Class Struggle

Even in a democracy there is class struggle, however it is tempered by circulation of elites through use of their talents.  While the U. S. is the best example, Brinton makes a case that even in France, Russia and England mobility could be enjoyed comparable to individuals like Henry Ford, Bob Hope, or Harry S. Truman (61, 62).  A critical point in which those who are mobile may develop discontent is where a “limitation” has been placed upon their class upward movement or a barrier develops between them and the upper hierarchy.  This comes in the form of being able to generate prestige and recognition, but without commensurate financial reward (French courtiers of the Enlightenment) and generating wealth but diminished return in advanced prestige or recognition in social circles (63, 64).  This most often affects the middle and lower classes and creates greater embitterment against the upper or ruling class (57, 60).  The second type of stoppage of circulation appears to be the more critical factor of frustration with the social order (64).  As an interjection, this may interact with intellectual alienation and spur writing and ideals against the ruling class.  Compounding the issue of class is that some of the ruling class may also begin to find need for change in the government.  They in turn may actively turn against the government, or passively fail to defend it (51, 52).   


Determining first stages of revolution are difficult to determine.  Even in hindsight, labeling a first stage may be debated.  These many differences create great difficulty in determining exactly when a revolution begins (69-76).  Certain uniformity exists in relation to the four case studies.  First, there was governmental attempt to collect money and the people opposed it.  Second, there was a moment of crystallization that creates clear opposition between the old regime and the revolutionists.  Third, there is failure of the old regime to deploy force to control the people.  The actors of the revolution may not even realize the first stage has occurred until much later.  There is debate whether the first stage is spontaneous or planned by the revolutionists (77).  One line of theory is that revolution comes to happen through the internal thought processes of individuals over time.  This process is actually a number of interlocking plots proposed by a group of determined individuals, which eventually come to fruition (79).  The driving element of the other theory is the spontaneous nature by which people are through external factors driven to the point of a united front, which is necessary for “keeping the oppressors in check”.  Often one theory or the other is used by a participant (either of the old or new regime) to explain how the revolution came to occur or fail.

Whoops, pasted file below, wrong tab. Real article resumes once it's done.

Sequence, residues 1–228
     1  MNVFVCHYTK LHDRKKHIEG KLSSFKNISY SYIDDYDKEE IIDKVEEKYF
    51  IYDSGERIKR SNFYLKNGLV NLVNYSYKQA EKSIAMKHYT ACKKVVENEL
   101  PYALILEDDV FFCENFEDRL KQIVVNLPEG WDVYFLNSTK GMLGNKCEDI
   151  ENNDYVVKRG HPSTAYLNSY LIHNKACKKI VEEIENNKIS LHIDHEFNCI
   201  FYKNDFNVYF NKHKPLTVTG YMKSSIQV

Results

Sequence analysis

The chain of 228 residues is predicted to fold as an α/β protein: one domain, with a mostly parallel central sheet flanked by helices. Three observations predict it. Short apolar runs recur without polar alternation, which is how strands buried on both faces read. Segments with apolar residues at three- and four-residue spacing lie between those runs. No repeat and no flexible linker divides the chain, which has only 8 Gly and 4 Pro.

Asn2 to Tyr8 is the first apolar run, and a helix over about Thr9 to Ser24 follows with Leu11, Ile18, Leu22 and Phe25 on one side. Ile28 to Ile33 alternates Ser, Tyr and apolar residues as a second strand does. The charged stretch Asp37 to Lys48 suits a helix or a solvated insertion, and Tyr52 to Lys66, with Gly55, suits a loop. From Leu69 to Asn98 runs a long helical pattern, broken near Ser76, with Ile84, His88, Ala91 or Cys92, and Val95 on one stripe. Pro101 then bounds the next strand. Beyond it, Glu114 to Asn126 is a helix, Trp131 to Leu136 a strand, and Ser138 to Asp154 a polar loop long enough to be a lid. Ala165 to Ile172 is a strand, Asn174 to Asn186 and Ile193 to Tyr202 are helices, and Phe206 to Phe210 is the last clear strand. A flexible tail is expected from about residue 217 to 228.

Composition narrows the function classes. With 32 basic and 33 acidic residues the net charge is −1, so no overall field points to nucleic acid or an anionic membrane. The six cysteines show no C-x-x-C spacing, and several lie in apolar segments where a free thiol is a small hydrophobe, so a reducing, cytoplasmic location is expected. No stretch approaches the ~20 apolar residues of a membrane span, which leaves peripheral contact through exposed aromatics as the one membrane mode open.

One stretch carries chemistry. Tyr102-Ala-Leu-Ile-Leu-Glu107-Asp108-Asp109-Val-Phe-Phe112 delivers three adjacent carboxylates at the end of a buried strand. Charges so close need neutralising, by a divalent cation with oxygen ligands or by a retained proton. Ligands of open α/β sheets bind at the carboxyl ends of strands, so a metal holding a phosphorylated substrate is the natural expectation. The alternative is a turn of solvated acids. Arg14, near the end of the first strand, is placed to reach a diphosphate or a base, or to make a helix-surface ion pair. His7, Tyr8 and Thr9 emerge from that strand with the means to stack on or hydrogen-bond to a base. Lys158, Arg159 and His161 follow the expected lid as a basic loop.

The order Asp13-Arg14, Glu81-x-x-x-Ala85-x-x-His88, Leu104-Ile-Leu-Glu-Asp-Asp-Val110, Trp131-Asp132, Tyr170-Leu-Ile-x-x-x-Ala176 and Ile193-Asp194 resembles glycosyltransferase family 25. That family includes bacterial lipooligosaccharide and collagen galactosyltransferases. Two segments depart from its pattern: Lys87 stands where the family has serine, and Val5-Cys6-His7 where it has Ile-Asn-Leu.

The honeymoon follows the revolution during the period of victory and initial formulation of the new government.  The honeymoon is short lived.  It quickly fades as the members face the new problems of how to structure and organize the new government.


In discussing the various types of revolutionists, Brinton makes several points.  First, time and era are relevant to whether revolution is considered a valid mode of governmental change (93).  Second, revolutionists come from a cross-section of the people of the old regime.  Third, conditions unique to the revolution affect behavior of revolutionists.  Fourth, there is a moderate stage, and an extremist stage of revolution.

            Brinton analyzes categories of economics and social position, and character and disposition.  When analyzing the economic and social status of revolutionists in the four cases he further breaks down categories for rank and file (followers) and for leaders (95-105).  He concludes that overall revolutionists are not the dregs of society.  Neither rank and file nor leaders come from one clear social or economic segment of society (105).  Hence, both the street fighter and the orator are needed.

            Brinton’s statement on reduction of sociology to psychology on page 105 is noteworthy to the analysis of the character and disposition of revolutionist types.  The typing of people by character and disposition is related to ‘discontent’ of the individual.  He lists ten types of revolutionists in his analysis.  The first is  the gentlemen-revolutionist, the sincere idealist, the opportunist, the old regime failure, the undiscovered and unrewarded, the professional radical, the obscure conservative, crazed men of blood, the fanatic, and the contrary minded (107-13).


Moderates come to power partly because they are best suited and proximate to the old regime’s government, referred to as the legal government.  With the first step of revolution, or slightly before in the psychological state power shifts from the Right (Conservative – old regime) to the Moderates and eventually to the Left (Extremists).  This process is called the Sequence of Power (123).  Related to the sequence is the reality of the Dual Sovereignty (132).  Hence, they must leave.

            Perhaps moderates tend because of reality judgment to be “fence sitters” who attempt to hold on to the familiar.  “The revolution, like Saturn, devours its children” (121).   


Brinton, Crane. 1965. The Anatomy of Revolutions. New York, NY: Vintage Books.